Dmitry Orlov: Well, yea. There is that. There is also the fact that now in Russia a military drill can be called without warning at any time and everything better work. So, basically the entire military is at a high state of readiness. The US media also missed the fact that what the Russians did in Syria was a really, really small contingent is something that the US couldnít possibly have done and NATO couldnít possibly have done. If you look at the number of sorties and the number of strikes per unit time, which is basically ground crews working seamlessly with pilots on rotation, jets landing, getting refueled, getting reloaded, taking off continuously; that is not something that the US is capable of at this point. This is a different military. This is not the US military. This is something completely different. And then there wasnít really much reporting about the new weapons that Russia has; the S300, S400 now they are rolling out the S500 which will be able to hit targets in near space and that will basically be like a giant impenetrable shield over most of Russia including all of the ballistic weapons that the US has. They also didnít really report on the supersonic torpedoes and cruise missiles that Russia has developed, because they donít really mention the fact that Russian nuclear subs lurking all along the western and eastern seaboards all the time on patrol armed with these caliber supersonic cruise missiles that the US has absolutely nothing to detect them or to shoot them down, and they can be nuclear tipped.
All of that is just not being talked about. Everybody is still thinking oh Russia, it is weak but it is aggressive. Both of those are not facts.
Chris Martenson: She is strong and she will respond, of course, if she needs to. And of course that NATO encirclement which began back in 89 with the fall of the Berlin Wall and just the relentless expansion of NATO; that really actually happened under Bill Clinton, didnít it mostly?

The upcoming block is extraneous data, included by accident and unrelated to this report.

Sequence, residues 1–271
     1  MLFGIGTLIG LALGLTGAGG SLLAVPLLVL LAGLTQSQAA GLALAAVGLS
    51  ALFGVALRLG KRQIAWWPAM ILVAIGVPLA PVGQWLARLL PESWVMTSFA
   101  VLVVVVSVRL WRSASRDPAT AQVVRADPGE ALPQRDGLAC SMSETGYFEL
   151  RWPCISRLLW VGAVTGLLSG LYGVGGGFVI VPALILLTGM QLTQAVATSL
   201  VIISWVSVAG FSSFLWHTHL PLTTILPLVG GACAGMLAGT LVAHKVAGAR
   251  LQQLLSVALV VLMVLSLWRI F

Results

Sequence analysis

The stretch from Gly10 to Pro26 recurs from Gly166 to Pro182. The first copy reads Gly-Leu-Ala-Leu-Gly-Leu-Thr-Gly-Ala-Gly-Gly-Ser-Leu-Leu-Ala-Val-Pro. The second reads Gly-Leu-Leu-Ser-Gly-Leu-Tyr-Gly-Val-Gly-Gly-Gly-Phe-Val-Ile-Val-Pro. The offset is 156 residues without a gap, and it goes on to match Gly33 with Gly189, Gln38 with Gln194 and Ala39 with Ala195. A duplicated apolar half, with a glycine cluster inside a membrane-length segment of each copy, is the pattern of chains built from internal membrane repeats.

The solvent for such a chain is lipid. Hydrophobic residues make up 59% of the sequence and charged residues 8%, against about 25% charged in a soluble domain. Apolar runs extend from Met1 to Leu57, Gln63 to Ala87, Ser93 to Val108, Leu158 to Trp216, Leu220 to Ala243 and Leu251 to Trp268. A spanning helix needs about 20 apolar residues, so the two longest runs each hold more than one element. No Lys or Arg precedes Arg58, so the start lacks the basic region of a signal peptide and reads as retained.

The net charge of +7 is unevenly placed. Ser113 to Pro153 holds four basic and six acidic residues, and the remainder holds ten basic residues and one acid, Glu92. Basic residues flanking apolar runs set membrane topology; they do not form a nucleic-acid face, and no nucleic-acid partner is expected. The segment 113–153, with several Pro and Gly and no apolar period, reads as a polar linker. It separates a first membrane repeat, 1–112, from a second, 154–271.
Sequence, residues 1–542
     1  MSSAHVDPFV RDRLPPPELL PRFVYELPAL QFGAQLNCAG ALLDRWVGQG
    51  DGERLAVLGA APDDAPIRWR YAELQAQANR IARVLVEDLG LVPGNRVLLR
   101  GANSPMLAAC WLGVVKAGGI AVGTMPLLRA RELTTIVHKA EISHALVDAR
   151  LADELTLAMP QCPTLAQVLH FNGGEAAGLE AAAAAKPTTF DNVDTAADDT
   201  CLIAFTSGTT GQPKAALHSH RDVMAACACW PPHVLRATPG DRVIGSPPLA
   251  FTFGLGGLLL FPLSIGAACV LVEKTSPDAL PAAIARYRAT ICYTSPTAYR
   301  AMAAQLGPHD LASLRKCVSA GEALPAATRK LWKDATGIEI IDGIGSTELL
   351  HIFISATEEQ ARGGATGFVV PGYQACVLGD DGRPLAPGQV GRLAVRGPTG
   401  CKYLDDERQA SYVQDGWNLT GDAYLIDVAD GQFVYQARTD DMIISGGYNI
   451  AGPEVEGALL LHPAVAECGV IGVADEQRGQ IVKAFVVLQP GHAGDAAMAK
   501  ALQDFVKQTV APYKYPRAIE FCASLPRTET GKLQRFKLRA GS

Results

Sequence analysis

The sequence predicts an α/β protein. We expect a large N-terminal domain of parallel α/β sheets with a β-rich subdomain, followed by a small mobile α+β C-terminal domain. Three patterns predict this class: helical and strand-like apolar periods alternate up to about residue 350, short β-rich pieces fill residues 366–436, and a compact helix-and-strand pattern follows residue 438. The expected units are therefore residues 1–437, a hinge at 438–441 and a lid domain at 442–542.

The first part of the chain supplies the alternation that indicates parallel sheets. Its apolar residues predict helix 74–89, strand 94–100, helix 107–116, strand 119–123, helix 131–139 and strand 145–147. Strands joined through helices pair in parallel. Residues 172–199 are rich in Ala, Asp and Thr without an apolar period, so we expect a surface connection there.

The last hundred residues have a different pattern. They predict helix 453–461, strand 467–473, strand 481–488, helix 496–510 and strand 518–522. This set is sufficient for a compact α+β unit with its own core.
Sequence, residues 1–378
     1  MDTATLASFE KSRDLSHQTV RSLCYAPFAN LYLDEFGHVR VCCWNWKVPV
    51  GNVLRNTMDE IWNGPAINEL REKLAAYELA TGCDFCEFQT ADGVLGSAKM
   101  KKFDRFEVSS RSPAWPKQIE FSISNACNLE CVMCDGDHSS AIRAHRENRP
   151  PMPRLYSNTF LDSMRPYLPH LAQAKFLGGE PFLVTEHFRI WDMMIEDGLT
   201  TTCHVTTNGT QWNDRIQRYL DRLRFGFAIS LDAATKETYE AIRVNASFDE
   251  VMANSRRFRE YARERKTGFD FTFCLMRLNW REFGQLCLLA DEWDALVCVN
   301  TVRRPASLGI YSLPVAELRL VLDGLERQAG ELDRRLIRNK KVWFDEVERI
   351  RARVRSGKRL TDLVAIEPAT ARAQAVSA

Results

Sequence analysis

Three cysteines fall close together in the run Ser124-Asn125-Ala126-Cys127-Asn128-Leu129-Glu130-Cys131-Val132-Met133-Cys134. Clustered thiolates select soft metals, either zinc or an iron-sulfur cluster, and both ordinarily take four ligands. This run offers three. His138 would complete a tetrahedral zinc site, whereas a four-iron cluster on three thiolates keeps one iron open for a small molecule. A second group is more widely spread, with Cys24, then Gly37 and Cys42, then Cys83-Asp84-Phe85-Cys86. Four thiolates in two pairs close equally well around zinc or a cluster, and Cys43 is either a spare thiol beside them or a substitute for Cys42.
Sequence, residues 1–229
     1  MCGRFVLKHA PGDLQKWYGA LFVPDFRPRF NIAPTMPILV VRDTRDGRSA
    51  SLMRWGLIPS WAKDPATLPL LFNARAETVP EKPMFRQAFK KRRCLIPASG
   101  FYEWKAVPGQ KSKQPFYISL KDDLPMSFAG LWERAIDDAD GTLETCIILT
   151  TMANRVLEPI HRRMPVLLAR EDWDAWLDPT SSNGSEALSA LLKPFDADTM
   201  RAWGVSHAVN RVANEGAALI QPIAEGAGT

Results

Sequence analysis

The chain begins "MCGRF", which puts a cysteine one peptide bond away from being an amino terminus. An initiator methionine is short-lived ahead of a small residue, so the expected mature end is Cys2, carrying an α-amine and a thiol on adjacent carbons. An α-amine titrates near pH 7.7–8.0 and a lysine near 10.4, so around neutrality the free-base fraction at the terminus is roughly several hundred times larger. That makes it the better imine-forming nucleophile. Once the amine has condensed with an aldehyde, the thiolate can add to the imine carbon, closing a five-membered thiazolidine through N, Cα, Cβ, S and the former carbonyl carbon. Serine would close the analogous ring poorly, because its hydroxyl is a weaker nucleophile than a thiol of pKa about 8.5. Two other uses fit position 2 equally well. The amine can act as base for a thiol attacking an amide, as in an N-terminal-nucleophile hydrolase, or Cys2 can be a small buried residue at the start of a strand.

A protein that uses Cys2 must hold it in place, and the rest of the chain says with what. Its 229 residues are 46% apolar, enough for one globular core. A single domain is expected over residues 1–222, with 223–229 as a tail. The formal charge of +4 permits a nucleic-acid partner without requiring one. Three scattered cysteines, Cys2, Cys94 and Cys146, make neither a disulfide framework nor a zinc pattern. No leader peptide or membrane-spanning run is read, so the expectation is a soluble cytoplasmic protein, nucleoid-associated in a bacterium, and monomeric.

Dmitry Orlov: Well, yes. Bill Clinton is the Ė under George, Sr. Ė George Bush, Sr. there was some neocons in the White House, but he called them the crazies in the basement. And he didnít really let them do much. It was a mistake to keep them there at all. But under Bill Clinton, because what did he know about foreign policy? He just basically invited them into the Oval Office and they have been there ever since. That is really what holds the US foreign policy together and, because these people are insane, that is what is causing a continuous series of foreign policy fiascos that is basically freezing the United States out of any participation in anything constructive going on internationally.
Chris Martenson: On that point you made before about the readiness of Russia it was just yesterday on June 14th that a surprise combat readiness inspection of the command and control organizations and arsenals of the Russian Armed Forces was announced. That was on Tuesday. The Russian Defense Ministry reported Ė and so, letís see, they informed the commanders of the eastern, central, southern and western military districts. I guess that is everything but the northern, that they were going to have these surprise inspections where they are to show combat readiness and condition objectives. That to me sounds like a high state of alert. Those are expensive sorts of operations to run and it is expensive to keep your military basically gassed up and on the runway. It sounds like Russia is ready.
Dmitry Orlov: Russia is ready. What is even more scary is that the Russian people are ready. There are all these groups all over Russia that do stunts like they run marathons off road. The marathons sometimes include some tactical objectives, too. So this is like paramilitary training for lots and lots of young people in the country. Some of them donít even like the government that much, but that doesnít mean that they wonít take orders if orders are given. Even if there isnít a nuclear confrontation and NATO rolls into Russian territory, you know, they will bleed and they will bleed to death just like it has always happened with people who invaded Russia. So, there isnít really like a happy outcome. There isnít a face saving outcome for the United States or for NATO. There is just basically the choices between death and humiliation.
Chris Martenson: Yea, well, we
will take death over humiliation
every time when it comes to these
people in charge, I guess. Now, I
want to get to the incidents that
have captured my attention and made
me nervous. Yes, there are readiness
drills and they are showing that
nuclear systems work and they are
posting all that to YouTube. But
recently, the US had a guided
missile destroyer in the Black Sea.
Had a series of fly overs from
Russian jets. As well the USS Donald
Cook in the Baltic Sea recently had
fly over incidents. Kerry even said
ďhey rules of engagement said we
could have shot those planes down if
we wanted to even though they were
unarmed at the timeĒ - just showing